Paul Tuppeny

Paul Tuppeny takes inspiration from museums and memorials. His art has developed around temporal themes drawn from an interest in the way that we present our species to ourselves through the display of material culture. For him, the social motivations that underlie this behaviour seem to address an innate identity of self that transcends the individual and the now. A strand of Paul’s work investigates the human aesthetic response to the temporal processes and the sense of time that the objects and materials that surround us capture and embody.

Paul was an architect for several years prior to choosing a career in fine art. He completed an MA (with Distinction) in Fine Art in 2016, his work ‘Pinned Limb’ also receiving Highly Commended in the National Sculpture Prize in that year. He has since exhibited sculpture and painting across the UK.

He has one piece of work at The Cotswolds Sculpture Park in 2018: Stump (Three). This work forms part of a series that has developed from the ‘Pinned Limb’ works selected for the National Sculpture Prize in 2016 and exhibited at Fresh Air in 2017. These works sought to evoke the sense of a “future past”, presenting reconstructed metallic imprints of branches that accentuate the absence of the original living form. Stump (Three) represents a continuation of some of these themes but, in this instance, taking the form of a single three-metre bronze post. The perfectly straight pole resonates with the organic forms of surrounding vegetation. The apparent simplicity of the form disguises the complexities of its surface which carries the signifiers of decay associated with its living (and dying) arboreal counterparts. The surface patination of the bronze further emulates aspects of the organic world through its variegated green colour, although the metallic shift of the green seems to have the effect of emphasising the schism that exists between our species and that world.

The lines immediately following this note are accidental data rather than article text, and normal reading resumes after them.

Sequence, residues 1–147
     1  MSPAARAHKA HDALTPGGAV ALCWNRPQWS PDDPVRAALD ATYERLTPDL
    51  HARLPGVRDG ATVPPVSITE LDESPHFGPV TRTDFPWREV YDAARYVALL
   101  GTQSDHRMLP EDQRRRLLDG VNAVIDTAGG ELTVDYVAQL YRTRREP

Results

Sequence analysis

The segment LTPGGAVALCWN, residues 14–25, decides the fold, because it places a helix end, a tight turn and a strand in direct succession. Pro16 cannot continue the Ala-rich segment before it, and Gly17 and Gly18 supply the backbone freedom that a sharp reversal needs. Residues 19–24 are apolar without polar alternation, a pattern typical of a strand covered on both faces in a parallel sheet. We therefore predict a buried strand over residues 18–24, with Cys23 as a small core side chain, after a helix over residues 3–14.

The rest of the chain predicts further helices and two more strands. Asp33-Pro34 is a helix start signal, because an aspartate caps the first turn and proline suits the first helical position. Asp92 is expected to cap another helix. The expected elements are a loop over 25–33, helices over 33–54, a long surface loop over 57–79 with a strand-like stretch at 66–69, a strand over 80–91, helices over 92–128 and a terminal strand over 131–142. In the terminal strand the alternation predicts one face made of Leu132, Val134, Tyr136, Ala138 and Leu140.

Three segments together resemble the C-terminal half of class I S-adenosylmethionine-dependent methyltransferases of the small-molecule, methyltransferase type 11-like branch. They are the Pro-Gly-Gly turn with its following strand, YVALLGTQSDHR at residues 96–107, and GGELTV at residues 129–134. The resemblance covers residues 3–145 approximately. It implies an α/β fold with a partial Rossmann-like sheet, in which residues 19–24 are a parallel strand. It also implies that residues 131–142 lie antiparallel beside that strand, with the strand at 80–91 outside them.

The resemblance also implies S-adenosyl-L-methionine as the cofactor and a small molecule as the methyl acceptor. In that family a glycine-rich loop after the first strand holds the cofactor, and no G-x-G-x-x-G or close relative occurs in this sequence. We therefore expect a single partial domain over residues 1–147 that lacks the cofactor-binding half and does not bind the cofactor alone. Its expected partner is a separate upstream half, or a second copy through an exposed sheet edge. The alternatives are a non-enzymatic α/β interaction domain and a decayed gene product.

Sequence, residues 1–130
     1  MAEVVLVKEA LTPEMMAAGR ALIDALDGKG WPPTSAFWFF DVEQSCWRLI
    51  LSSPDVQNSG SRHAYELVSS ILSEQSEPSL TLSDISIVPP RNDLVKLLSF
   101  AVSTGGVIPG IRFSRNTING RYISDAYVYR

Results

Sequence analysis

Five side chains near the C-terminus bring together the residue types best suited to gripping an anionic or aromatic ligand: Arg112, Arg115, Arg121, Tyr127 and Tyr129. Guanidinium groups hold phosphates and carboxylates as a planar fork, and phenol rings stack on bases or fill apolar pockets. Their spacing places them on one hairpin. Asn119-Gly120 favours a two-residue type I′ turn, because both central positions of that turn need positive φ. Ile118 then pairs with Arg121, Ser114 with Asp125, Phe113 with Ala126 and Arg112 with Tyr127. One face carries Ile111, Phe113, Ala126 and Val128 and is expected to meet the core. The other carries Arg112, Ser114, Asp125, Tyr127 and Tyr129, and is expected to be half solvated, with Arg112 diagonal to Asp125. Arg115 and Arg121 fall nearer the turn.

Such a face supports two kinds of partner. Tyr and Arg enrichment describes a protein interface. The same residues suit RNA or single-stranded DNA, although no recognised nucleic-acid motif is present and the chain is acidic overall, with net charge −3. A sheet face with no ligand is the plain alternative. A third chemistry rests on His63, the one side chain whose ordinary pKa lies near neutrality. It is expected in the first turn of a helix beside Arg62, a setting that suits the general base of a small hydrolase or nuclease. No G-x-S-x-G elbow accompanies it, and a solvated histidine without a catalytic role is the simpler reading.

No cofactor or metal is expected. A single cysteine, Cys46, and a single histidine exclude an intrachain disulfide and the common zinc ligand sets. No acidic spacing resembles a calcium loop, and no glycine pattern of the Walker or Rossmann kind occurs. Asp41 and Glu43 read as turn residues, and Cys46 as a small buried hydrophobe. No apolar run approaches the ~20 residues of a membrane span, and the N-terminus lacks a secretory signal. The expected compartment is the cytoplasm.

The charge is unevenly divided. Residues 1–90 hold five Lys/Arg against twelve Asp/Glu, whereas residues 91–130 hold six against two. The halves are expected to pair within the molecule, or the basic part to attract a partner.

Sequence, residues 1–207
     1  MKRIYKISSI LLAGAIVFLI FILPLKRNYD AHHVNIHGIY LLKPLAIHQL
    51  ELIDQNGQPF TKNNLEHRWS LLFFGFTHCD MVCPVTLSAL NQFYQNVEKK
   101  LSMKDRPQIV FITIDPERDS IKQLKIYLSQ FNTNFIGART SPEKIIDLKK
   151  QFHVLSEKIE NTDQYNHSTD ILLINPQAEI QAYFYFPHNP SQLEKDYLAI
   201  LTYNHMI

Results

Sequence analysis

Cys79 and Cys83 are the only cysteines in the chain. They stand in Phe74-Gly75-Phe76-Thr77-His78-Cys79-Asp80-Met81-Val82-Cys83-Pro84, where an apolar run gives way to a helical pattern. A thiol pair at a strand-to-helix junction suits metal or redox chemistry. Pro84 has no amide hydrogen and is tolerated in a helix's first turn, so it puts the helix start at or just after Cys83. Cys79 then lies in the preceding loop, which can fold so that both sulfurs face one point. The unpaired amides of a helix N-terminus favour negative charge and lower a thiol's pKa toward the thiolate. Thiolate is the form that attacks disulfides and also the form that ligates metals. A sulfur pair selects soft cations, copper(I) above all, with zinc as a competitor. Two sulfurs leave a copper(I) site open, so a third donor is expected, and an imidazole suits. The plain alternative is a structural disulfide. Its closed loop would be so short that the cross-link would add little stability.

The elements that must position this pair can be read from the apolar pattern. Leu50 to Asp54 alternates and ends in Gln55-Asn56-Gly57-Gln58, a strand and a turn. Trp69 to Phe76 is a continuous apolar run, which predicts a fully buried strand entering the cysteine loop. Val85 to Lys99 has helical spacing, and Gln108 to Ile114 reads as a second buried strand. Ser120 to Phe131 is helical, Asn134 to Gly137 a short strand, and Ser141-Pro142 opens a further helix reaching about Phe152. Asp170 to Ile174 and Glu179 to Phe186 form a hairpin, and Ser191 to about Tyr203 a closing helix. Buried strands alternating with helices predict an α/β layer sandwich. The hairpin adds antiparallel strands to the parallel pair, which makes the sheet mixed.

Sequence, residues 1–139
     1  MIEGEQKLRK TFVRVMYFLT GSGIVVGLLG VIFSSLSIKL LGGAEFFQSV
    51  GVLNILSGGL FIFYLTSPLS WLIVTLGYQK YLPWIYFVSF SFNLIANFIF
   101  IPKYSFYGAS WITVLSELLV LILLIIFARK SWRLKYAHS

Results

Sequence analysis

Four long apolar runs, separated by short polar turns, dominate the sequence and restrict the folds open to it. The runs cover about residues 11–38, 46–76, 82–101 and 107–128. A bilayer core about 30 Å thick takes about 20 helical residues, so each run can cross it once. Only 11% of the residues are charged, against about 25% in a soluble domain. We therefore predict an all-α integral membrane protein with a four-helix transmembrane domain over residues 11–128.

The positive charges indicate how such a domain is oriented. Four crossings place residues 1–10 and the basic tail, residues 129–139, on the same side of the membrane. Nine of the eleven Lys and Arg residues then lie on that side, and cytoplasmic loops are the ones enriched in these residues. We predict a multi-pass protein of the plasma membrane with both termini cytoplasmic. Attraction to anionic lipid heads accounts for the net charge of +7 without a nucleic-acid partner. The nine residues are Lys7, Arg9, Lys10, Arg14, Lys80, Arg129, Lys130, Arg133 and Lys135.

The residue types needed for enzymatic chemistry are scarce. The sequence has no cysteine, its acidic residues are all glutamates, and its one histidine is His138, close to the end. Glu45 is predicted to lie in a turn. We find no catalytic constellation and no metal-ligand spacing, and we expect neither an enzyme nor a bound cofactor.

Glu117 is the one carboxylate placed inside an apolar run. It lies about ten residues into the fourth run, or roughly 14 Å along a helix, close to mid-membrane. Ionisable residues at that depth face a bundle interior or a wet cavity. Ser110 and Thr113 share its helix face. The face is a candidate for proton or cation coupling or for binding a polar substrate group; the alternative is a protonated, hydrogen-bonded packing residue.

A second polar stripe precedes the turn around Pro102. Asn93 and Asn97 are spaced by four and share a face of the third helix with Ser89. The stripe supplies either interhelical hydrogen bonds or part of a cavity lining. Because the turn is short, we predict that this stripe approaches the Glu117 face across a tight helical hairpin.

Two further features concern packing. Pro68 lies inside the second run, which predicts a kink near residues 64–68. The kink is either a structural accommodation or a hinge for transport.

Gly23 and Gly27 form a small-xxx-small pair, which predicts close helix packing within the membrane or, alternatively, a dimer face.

Find out more at Paul’s website,


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